“This review will be wide-ranging and includes a review of regulatory authority and the exercise of that authority so that we can identify potential modifications to the methods used to inspect labs,” the CDC said in a statement this week.

    The review, which is expected to take 90 days, will be directed by Stephen Redd, director of the CDC’s Office of Public Health Preparedness and Response, the CDC said.

    Next Tuesday, a subcommittee of the House Energy and Commerce Committee plans to hold a hearing on the CDC’s oversight of select-agent labs, with an emphasis on recent shipments of live anthrax from a Department of Defense facility in Utah. Committee leaders were not immediately available for comment.


    A USA TODAY Media Network investigation published in May uncovered hundreds of accidents that have occurred in biological laboratories nationwide in recent years and revealed that pervasive secrecy obscures failures by regulators to ensure research facilities operate safety and don’t unduly put workers and the public at risk. The network’s reporting has prompted questions about the CDC’s regulation of labs from the bipartisan leaders of the Senate Homeland Security and Governmental Affairs Committee.

    The network’s ongoing investigation has raised questions about whether lax oversight and enforcement played a role in allowing an Army biodefense facility to mistakenly ship live anthrax for more than a decade to dozens of labs in the U.S. and abroad. USA TODAY reported in June that the CDC in 2007 referred the Army’s Dugway Proving Ground facility for potential federal enforcement action for failures to deactivate live anthrax with chemicals and for ignoring tests indicating the kill process was ineffective. But no fines were levied, and over the years CDC’s inspectors apparently never detected that similar failures continued at Dugway in its routine use of radiation to kill anthrax.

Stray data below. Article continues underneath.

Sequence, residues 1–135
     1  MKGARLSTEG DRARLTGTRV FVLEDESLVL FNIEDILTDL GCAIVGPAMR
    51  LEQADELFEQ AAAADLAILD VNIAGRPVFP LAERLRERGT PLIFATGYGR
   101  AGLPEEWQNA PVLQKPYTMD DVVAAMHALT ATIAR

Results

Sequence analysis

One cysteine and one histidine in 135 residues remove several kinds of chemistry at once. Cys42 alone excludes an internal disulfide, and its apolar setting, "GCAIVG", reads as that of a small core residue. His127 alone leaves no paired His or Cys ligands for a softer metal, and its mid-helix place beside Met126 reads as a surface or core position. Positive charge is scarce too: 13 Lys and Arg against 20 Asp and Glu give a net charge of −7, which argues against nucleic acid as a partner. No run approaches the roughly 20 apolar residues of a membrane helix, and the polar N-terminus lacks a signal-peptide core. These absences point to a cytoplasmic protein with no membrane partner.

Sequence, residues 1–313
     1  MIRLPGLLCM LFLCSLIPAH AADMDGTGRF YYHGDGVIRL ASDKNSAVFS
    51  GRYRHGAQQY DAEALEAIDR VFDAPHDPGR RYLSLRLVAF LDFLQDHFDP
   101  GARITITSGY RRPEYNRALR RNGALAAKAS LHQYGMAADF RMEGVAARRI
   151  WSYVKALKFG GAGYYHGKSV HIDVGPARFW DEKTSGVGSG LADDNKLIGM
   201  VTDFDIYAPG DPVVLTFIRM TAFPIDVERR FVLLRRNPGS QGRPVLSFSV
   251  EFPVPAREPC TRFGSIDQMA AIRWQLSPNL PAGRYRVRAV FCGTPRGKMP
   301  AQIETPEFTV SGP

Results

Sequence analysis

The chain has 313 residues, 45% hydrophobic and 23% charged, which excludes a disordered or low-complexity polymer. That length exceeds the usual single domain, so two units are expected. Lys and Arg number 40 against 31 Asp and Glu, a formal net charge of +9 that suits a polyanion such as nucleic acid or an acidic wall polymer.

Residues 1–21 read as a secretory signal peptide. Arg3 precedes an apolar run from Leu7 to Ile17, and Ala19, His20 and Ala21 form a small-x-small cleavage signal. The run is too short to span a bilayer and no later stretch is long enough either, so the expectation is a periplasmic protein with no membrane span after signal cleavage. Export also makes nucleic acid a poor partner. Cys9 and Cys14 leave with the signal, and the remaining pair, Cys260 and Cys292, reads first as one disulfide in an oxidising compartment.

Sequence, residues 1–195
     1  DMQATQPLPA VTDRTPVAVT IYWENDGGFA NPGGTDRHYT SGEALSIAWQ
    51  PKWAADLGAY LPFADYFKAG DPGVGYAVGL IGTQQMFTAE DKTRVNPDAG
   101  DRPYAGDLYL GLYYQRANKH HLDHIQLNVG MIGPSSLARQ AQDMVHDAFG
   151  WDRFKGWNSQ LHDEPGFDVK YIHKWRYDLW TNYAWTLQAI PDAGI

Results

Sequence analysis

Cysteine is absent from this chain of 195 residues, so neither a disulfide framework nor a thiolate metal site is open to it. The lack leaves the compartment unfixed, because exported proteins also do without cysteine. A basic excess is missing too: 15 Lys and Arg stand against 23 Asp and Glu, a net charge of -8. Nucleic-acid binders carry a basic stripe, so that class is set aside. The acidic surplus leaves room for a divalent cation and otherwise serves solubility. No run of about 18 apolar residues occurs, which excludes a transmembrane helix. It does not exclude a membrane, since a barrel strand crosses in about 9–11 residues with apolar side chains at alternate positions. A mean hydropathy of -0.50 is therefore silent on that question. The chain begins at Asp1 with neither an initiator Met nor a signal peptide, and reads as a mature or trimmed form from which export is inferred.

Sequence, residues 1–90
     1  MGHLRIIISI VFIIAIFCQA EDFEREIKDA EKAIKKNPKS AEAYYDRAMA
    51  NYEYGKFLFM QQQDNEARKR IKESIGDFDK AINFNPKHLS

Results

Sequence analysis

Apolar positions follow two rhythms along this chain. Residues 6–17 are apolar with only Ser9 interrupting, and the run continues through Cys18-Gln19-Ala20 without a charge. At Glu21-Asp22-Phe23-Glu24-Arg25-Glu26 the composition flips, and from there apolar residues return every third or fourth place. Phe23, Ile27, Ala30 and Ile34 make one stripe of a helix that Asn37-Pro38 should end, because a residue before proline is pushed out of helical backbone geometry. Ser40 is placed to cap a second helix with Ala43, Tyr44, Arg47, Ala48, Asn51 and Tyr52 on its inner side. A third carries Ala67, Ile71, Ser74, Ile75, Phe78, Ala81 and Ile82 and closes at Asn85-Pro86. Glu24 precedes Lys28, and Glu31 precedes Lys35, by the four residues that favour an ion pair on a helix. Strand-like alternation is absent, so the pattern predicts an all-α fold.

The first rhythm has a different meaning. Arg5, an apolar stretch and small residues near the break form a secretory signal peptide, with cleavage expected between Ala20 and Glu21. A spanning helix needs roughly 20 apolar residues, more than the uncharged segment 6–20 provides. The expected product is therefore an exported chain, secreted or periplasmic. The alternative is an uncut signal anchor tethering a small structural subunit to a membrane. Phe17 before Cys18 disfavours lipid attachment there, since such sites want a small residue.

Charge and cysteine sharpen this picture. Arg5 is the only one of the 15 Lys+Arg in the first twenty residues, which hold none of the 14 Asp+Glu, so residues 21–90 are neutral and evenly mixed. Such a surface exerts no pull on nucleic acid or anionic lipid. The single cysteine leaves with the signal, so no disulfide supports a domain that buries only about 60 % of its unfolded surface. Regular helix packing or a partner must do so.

Since January, USA TODAY has sought records, using the Freedom of Information Act (FOIA), from the CDC and USDA about their use of performance improvement plan programs — or PIPPs — as an alternative to suspending or revoking a failing lab’s authorization to experiment with bioterror pathogens.

    The USDA identified 479 pages of records involving letters to labs notifying them they were being put on a PIPP but in March refused to release any of them, citing a secrecy provision in the Public Health Security and Bioterrorism Preparedness and Response Act of 2002. USA TODAY has appealed.


    The CDC recently responded to a similar FOIA request by sending USA TODAY 91 pages of correspondence with various labs about their enrollment or removal from performance improvement plans from 2011 to 2014. The CDC redacted all of the labs’ names — as well as the names of pathogens involved in their safety violations. USA TODAY has appealed the redactions.


    It’s unclear whether the CDC’s approach to oversight is a result of a lack of authority. The agency did not respond to USA TODAY’s questions since last week about issues raised by the documents.

    Comment: I can appreciate the interest that needs to be balanced. Secrecy reasonably is thought to further security of the pathogens. (There also are privacy interests under FOIPA that sometimes apply). I do not envy CDC (or FBI or USMRMC) the task of balancing the competing considerations or applying the statutory framework.

    On the other hand, sometimes CYA is simply CYA.

    Sometimes money-dominated politics and careerist decision-making in the public sector rules the day. Then commonly those CYA instincts are not overcome where the Congressional oversight is ineffective.

    If there were effective Congressional oversight, there would be a push for resolution of outstanding issues relating to the Fall 2001 anthrax mailings — to include the pre-911 distribution of Ames, both virulent and irradiated.